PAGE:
Police and Justice Bill and its Impact on Denial of Service attacks 

May, 2006 -

The Police and Justice Bill was put before the House of Commons on 25 January 2006. The main aim of the Bill is to improve the powers and scope of the police force but there are a number of sections which look to update the Computer Misuse Act 1990 (CMA) and in particular to make Denial of Service (DOS) Attacks illegal.

DOS attacks can take many forms but are essentially an attempt to disrupt the use of a computer, server or website. Such attacks include: attempts to flood a server with e-mails or data so that it fails; attempts to disrupt the connection between computers; and a distributed denial of service (DDOS) attack when a large number of unconnected computers all attack a particular target simultaneously. In a DDOS attack the hacker will infect a target computer with a virus and the hacker will then command these computers to flood the targeted server of website with information or requests for data.

DOS and DDOS attacks have become an increasing problem for businesses. According to a parliamentary inquiry in 2001 there were over 4,000 DOS or DDOS attacks each week in the UK causing varying levels of disruption. Other commentators have suggested that as many as 50% of businesses in the UK have suffered from DOS or DDOS attacks.

In preventing DOS or DDOS attacks one of the biggest considerations for businesses is cost. In 2003 the Internet payment system Nochex, received an e-mail threatening an attack on their website unless $10,000 was sent to an offshore bank account.

Mr Malik,the founder of NoChex, initially ignored the threat. However when the website went down an hour later the situation was taken more seriously. The website had been attacked by 115 Mb of data. Mr Malik decided to contact the attackers and requested they give NoChex one hour to come up with the money. In this time Mr Malik arranged for his service provider to protect the system and this upgrade was immediately successful.

Nochex has since introduced a permanent network based solution designed by Cisco Systems to safeguard its network and prevent further attacks. Nochex estimate the initial cost of the system was ?20,000 with a further ?3,000 per month required. However, the problem with protective measures is they may sometimes discard genuine traffic.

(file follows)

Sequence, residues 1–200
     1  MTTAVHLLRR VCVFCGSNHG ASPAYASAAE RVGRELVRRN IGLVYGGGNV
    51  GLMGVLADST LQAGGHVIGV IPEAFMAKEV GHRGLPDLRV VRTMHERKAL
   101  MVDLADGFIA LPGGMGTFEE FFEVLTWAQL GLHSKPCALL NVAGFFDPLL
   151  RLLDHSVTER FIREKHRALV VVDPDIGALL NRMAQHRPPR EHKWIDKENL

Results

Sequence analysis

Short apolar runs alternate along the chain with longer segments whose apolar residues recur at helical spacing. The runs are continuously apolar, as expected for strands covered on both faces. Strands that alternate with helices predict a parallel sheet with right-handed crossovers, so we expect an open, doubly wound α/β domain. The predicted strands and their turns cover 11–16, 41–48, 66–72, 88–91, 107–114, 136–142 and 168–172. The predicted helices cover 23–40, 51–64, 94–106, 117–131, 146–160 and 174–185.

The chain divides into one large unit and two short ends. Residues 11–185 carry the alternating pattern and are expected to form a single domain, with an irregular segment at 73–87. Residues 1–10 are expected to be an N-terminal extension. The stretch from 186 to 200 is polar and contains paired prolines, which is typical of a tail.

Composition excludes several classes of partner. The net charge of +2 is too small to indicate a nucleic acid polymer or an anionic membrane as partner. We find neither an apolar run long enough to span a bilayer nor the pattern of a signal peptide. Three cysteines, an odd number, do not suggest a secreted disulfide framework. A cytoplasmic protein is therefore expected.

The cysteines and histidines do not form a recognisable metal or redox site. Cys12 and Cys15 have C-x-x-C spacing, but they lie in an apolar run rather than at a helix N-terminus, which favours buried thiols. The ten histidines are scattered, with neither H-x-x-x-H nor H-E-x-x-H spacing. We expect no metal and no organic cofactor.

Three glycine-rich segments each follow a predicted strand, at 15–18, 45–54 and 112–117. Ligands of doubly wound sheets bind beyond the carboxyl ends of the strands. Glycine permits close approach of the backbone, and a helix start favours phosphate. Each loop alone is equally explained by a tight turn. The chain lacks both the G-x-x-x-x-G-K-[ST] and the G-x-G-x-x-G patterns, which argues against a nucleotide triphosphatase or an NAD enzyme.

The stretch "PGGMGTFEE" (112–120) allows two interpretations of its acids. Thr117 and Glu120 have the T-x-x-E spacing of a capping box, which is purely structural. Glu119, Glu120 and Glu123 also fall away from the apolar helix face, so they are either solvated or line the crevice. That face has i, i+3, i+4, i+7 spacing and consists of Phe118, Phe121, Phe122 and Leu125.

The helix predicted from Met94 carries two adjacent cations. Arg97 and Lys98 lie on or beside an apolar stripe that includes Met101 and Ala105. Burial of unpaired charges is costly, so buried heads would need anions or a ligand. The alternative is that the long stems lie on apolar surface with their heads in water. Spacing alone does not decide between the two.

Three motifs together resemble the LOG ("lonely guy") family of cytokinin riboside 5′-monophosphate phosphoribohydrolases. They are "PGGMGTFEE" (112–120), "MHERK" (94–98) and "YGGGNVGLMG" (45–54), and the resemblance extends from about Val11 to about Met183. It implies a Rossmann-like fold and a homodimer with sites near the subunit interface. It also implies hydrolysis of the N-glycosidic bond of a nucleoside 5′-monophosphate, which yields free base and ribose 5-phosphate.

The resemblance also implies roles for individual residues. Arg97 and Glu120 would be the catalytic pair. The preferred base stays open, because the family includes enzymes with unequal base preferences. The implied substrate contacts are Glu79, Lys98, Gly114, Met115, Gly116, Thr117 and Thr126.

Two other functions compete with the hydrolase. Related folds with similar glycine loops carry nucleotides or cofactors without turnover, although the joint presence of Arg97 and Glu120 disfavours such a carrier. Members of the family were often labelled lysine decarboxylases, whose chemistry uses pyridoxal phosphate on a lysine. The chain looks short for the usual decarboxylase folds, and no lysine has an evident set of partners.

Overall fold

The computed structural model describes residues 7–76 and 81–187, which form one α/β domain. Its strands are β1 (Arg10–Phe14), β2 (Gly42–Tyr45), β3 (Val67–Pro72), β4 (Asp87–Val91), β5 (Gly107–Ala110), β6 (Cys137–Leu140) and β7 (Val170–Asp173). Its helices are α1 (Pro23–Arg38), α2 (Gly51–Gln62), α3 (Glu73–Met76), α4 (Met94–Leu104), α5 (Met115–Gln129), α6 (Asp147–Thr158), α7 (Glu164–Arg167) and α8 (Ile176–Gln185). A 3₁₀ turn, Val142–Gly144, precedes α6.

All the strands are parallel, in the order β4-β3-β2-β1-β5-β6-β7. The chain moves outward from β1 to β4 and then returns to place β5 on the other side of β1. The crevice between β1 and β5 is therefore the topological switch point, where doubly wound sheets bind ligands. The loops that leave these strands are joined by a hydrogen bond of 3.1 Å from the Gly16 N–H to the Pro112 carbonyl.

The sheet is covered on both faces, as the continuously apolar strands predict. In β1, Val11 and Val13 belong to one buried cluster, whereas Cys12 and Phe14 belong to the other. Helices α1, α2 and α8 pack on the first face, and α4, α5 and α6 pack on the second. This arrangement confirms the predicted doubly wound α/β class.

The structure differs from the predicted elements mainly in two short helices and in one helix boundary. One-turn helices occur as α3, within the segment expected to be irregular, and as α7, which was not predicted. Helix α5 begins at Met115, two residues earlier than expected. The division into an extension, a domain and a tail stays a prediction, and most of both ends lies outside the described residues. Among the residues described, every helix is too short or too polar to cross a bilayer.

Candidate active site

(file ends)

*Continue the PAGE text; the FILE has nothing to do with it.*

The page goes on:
There has been a considerable amount of speculation surrounding the CMA and whether it made DOS attacks illegal.

At the end of last year this was tested in court with a case involving a teenager who flooded his former employer with over 5 million e-mails. The District Judge acquitted the teenager saying that although the sending of the e-mails was a modification of his former employers computer system, it was an authorised modification of the system, which took the attack outside the scope of the CMA.

The Police and Justice Bill largely means that instead of an "unauthorised modification" of a computer system the required crime is now an "unauthorised act" and this "act" must have the relevant intent and knowledge.

This alteration should encompass a wider meaning and should mean that a computer system does not have to suffer any adverse effects before charges can be brought against the perpetrator. For example, even if the network solution prevents the attack, it may be possible to press charges against the attackers.

It is unfortunate that as currently drafted "unauthorised" is not being removed as this was the reason that the case above failed. But it is clear the intention of the revised Act is to prevent DOS attacks. Hopefully a Judge may be more comfortable in finding against an attacker, as the sending of 5 million e-mail in order to crash a website is clearly not an authorised use of a system or website.

While the biggest challenge for businesses is the cost of dealing with the attacks, or at least having sufficient IT systems in place to avoid them, it is to be hoped that this amendment to the CMA will make prosecution for such attacks easier.



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